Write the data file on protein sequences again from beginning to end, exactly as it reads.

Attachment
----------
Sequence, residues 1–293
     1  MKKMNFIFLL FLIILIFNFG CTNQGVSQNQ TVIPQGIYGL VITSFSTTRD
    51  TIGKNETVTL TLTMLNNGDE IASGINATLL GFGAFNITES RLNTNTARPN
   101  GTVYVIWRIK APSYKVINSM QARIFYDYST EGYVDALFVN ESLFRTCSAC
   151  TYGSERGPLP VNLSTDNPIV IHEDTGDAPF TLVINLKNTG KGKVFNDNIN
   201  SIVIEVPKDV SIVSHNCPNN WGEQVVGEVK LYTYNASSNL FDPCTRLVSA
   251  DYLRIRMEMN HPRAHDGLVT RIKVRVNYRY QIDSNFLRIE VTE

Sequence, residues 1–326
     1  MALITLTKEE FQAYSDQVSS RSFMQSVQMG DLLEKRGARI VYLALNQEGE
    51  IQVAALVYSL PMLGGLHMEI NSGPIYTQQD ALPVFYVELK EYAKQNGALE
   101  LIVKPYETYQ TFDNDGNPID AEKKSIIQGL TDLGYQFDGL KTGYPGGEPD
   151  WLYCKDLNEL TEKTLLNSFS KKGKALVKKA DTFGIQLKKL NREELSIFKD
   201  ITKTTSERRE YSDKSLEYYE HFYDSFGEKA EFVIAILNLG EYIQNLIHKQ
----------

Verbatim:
Sequence, residues 1–293
     1  MKKMNFIFLL FLIILIFNFG CTNQGVSQNQ TVIPQGIYGL VITSFSTTRD
    51  TIGKNETVTL TLTMLNNGDE IASGINATLL GFGAFNITES RLNTNTARPN
   101  GTVYVIWRIK APSYKVINSM QARIFYDYST EGYVDALFVN ESLFRTCSAC
   151  TYGSERGPLP VNLSTDNPIV IHEDTGDAPF TLVINLKNTG KGKVFNDNIN
   201  SIVIEVPKDV SIVSHNCPNN WGEQVVGEVK LYTYNASSNL FDPCTRLVSA
   251  DYLRIRMEMN HPRAHDGLVT RIKVRVNYRY QIDSNFLRIE VTE

Sequence, residues 1–326
     1  MALITLTKEE FQAYSDQVSS RSFMQSVQMG DLLEKRGARI VYLALNQEGE
    51  IQVAALVYSL PMLGGLHMEI NSGPIYTQQD ALPVFYVELK EYAKQNGALE
   101  LIVKPYETYQ TFDNDGNPID AEKKSIIQGL TDLGYQFDGL KTGYPGGEPD
   151  WLYCKDLNEL TEKTLLNSFS KKGKALVKKA DTFGIQLKKL NREELSIFKD
   201  ITKTTSERRE YSDKSLEYYE HFYDSFGEKA EFVIAILNLG EYIQNLIHKQ